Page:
As a person ages, their medical care needs might increase. This comes at a time when their income might be decreasing. By the time they are retired, they might need considerable care, but they might not have the money to cover that care.

There are two programs that senior citizens might be able to use to help cover the medical costs they will face. Medicare is one that workers are entitled to that they have paid for through payroll withholding. Medicaid is a needs-based program that has specific income and asset requirements.

Long-term care needs are often a huge expense for senior citizens. Medicaid might be able to kick in some money to help cover that care, but it will only go into effect when you are able to meet the requirements for the program.

If you think that you will have to count on Medicaid to cover that long-term care expense when you get older, you need to start thinking about Medicaid planning now. One reason for this is that there is a five-year, look-back period that comes with this program.

This means that anything you gave away through a transfer of assets or a gift during the 60 months prior to the application will be looked at. These can trigger penalties that can put a serious damper on the assistance you receive.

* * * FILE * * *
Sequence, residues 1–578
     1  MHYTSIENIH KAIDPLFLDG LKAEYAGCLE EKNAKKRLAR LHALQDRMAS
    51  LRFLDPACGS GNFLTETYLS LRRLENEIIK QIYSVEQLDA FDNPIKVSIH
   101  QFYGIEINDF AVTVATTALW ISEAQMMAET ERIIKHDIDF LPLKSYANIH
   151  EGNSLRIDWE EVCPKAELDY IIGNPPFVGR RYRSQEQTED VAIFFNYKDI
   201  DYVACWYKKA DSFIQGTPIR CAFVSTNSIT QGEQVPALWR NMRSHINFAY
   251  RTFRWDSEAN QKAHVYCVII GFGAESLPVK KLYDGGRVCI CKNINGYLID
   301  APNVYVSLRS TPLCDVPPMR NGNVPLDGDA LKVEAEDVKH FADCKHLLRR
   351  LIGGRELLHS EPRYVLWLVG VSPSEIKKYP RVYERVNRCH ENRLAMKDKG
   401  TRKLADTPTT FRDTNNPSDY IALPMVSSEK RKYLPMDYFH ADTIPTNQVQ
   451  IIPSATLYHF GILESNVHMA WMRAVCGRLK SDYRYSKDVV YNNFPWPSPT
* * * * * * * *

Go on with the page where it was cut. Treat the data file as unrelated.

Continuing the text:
Because of that look-back period, you should start Medicaid planning now. It is never too early to do this, but it can easily become too late if you don’t do this. This also gives you a chance to consider the gift taxes and how your estate taxes might be impacted by the choices you make now.

Written by Ronald A. Fatoullah, Esq, principal of Ronald Fatoullah & Associates, a New York law firm that concentrates in elder law, estate planning, Medicaid planning, guardianships, estate administration, trusts, wills, and real estate. Attorney Fatoullah is a Member of the National ElderCare Matters Alliance,  and he and his firm are Featured Members of ElderCareMatters.com – America’s National Directory of Elder Care / Senior Care Resources for families.

Medicaid planning: Beware of the look-back period before applying was last modified: June 4th, 2019 by Ronald Fatoullah, Esq.